This study examines changes in the prevalence of advanced driver assistance systems (ADAS) among a large sample of older drivers, as well changes in how these drivers perceived and learned to use ADAS.
This study had two overarching objectives: 1) examine changes in the prevalence of advanced driver assistance systems (ADAS) in vehicles owned by a large sample of older drivers; and 2) examine changes in how these older drivers learned to use and what they thought about ADAS. This study updates a previous research brief that investigated ADAS prevalence, use, learning, and perceived safety among older drivers at baseline in the AAA Longitudinal Research on Aging Drivers (AAA LongROAD) project (Eby et al., 2017). The present study analyzed 3 years of questionnaire data from 2,374 participants enrolled in the AAA LongROAD project. Changes in prevalence, use, learning, and perceived safety for 15 ADAS from baseline to the end of a 3-year period (Year 3) were investigated.
During the 3 years of follow-up, the prevalence of having one or more ADAS in the vehicles of the study participants increased from 59.0% to 72.0% and the average number of ADAS per vehicle increased from 2.0 to 3.3. Backup/parking assist was the technology with the greatest percentage point increase (from 41.5% to 58.8%), followed by blind spot warning (from 7.6% to 24.6%) and integrated Bluetooth cell phone (from 49.2% to 62.4%). Significantly more participants reported learning to use ADAS in Year 3 by figuring it out by themselves. Reported frequency of use and perceived safety of ADAS among the participants, however, remained virtually the same during the 3 years.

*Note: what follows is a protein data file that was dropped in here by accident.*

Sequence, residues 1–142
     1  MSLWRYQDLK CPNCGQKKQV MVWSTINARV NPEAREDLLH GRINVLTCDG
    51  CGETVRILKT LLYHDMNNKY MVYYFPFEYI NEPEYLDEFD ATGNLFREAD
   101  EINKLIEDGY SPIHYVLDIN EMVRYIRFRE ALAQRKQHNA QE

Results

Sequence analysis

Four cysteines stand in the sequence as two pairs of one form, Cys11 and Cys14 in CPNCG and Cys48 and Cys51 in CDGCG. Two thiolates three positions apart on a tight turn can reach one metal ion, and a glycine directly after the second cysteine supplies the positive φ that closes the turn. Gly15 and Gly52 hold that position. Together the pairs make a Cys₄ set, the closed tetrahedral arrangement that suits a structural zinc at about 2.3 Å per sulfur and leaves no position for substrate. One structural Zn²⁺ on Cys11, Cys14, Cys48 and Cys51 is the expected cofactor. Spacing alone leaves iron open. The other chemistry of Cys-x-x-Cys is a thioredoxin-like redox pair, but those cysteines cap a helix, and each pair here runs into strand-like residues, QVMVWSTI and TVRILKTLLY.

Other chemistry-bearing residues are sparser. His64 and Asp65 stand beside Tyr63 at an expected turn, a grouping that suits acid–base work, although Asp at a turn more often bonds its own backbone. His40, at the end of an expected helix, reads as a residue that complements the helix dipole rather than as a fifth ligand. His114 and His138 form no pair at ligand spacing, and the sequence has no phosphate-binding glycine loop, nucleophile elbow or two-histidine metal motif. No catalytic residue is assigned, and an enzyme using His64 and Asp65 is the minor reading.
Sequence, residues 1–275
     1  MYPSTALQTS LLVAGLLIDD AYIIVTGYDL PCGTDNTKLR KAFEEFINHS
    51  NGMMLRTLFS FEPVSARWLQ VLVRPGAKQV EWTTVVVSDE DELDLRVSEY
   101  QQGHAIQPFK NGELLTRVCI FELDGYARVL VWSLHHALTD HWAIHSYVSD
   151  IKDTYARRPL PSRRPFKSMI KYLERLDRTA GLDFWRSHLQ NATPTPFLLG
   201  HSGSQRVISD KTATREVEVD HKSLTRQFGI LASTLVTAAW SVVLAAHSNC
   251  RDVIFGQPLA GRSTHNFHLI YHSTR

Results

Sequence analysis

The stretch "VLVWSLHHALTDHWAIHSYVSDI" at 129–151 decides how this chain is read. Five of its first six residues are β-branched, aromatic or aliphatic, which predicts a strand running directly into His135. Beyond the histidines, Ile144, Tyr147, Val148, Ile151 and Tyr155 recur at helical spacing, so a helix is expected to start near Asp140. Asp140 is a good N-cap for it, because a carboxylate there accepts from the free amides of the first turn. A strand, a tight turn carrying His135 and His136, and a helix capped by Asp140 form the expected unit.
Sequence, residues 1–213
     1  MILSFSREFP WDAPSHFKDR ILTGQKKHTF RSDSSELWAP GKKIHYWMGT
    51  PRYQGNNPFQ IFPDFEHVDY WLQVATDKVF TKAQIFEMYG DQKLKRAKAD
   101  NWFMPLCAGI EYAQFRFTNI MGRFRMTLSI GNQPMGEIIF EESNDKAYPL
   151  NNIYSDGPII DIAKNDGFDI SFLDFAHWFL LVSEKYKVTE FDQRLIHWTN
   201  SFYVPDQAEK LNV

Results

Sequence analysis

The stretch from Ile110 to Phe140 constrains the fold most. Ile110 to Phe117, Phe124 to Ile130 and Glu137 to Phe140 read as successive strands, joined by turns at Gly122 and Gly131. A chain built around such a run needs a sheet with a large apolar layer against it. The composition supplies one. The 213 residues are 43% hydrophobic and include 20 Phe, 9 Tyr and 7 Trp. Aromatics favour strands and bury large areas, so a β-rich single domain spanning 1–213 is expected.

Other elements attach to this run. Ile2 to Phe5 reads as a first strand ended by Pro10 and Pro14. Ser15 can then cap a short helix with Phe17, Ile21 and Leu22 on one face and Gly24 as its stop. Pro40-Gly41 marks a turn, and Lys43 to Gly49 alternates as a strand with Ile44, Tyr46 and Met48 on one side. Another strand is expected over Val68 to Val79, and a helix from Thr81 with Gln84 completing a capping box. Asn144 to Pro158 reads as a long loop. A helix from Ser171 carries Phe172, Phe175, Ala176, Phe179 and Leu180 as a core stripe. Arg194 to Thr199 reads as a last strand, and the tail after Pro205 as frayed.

Data for the study were collected from a vehicle technology questionnaire that was administered to AAA LongROAD participants at baseline and then again each time the participant changed their vehicle over a 3-year period. Fifteen ADAS (i.e., technologies installed by the vehicle manufacturer either as standard or optional equipment) were included in this study.